Also as the others said check the intake for water as well and dry if nessesary.

Good luck:smiley_thumbs_up:
 

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Throttle body? Intake? No.

Open the oil pan plug, the water will be in the bottom of the pan. When it starts flowing oil, close it up. Take all the plugs out and spin the motor over a few times. Close it up and see if it will start.

DO NOT TRY TO START IT WITHOUT DOING THIS.
 

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Throttle body? Intake? No.

Open the oil pan plug, the water will be in the bottom of the pan. When it starts flowing oil, close it up. Take all the plugs out and spin the motor over a few times. Close it up and see if it will start.

DO NOT TRY TO START IT WITHOUT DOING THIS.
Rep for removing plugs... Water in the combustion chamber can lead to a dangerously high compression ratio as the water fails to compress and in effect reduces the combustion chamber size till its evacuated. Not purging the chambers can lead to blown head gaskets, cracked rings, all kindsa bad juju
 

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Discussion Starter #10
Are there other plugs other than the oil plug I need to pull? And what do you mean by spin the motor a couple of times?
 

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Discussion Starter #11
And can I open the plugs without an oil wrench?
 

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Discussion Starter #13
-Remove spark plugs and disconnect coil wire, turn key over*
-drain oil plugs
-dry intake*
-check oil level for water*
Sound about right?
 

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And can I open the plugs without an oil wrench?
It sounds like you may need some help.

Drain plug on the oil pan needs to be slowly removed to let any water out of the pan. Do not drop it in the muck.

Spark plugs (8) need to be removed to let any water out of the cylinders.

Water does not compress, and you will bend at least one connecting rod in the motor if you do not do this.

when you have them out, bump the motor over with the starter. It will not start without the spark plugs in.

Put the Spark plugs back in and try to start it.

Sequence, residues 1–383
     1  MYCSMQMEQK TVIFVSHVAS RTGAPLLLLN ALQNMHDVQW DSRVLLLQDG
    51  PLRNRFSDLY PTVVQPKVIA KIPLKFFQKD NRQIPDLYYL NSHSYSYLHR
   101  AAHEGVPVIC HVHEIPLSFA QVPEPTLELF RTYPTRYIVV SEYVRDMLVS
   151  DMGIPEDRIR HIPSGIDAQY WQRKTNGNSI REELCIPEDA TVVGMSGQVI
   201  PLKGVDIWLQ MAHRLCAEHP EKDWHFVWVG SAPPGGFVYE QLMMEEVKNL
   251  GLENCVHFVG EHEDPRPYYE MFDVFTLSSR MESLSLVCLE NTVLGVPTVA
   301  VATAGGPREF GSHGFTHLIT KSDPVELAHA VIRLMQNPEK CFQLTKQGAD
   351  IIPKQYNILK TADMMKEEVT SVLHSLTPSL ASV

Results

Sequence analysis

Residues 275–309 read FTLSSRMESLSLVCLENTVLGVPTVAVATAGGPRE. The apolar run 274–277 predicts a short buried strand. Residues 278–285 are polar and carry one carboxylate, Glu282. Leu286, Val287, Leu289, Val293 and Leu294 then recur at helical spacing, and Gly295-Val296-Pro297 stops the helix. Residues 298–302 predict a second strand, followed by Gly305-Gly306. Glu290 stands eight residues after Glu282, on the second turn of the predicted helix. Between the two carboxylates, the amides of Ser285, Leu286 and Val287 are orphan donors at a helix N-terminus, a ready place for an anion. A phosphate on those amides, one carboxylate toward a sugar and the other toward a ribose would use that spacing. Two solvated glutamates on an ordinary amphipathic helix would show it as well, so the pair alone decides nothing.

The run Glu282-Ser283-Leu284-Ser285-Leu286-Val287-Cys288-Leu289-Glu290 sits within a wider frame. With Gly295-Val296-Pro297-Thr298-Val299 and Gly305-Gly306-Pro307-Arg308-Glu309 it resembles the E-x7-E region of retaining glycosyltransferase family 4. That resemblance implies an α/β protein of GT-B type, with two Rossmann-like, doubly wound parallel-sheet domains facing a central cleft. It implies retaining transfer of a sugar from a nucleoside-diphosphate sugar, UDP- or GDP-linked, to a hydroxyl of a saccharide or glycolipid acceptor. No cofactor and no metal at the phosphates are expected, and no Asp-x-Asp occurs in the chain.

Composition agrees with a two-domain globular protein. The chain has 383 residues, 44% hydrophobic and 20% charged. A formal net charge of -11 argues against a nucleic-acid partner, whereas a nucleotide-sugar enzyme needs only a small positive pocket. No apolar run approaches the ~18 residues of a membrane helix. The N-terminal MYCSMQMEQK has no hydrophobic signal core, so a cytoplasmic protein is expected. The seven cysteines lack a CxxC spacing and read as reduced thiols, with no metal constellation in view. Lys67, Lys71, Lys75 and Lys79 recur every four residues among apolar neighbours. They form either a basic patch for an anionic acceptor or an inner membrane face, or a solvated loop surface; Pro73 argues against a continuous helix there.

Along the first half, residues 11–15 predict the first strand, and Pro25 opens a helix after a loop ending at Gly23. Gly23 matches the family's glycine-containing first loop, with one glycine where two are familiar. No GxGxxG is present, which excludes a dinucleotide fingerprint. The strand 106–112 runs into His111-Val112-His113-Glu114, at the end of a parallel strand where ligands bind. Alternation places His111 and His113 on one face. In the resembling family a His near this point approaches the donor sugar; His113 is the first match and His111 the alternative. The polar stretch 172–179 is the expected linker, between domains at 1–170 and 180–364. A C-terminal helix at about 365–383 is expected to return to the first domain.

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Discussion Starter #15
Yes I do need help, thank you guys so much for all the advice. I just pray that after I do all this it'll start and run
 

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I don't mean this in a rude way at all, just a friendly suggestion for the next time. I would educate yourself on a few of these basic things before going off roading, invest in a small tool kit to keep in the truck as well. Unfortunately these things do happen when you start going out and having fun.

But these things being suggested require just basic tools and aren't hard to learn, you can look it all up online step by step. Luckily you avoided the most common mistake people do and tried to start it so you still have a shot at avoiding any serious damage.

Goodluck with it all!
 
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Discussion Starter #18
And I do have a tool kit in the truck along with the chains that pulled me out, I think I'll be able to get this stuff done cause I change spark plugs on my jet ski all the time and it's not difficult at all
 

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I messed up big time
Hey everyone have their mess ups. Good move on your part by not starting the truck, people always do that and end up causing endless headaches and problems. You will just need some simple tools that you could pick up at home depot, walmart or any other store. The work is quite simple and just take the time to double check everything to make sure it is all good. If you remove the throttle body, it is very simple to do and takes a few minutes to do.

Just take your time doing everything and do not try rushing it, and you and your truck will come out all good.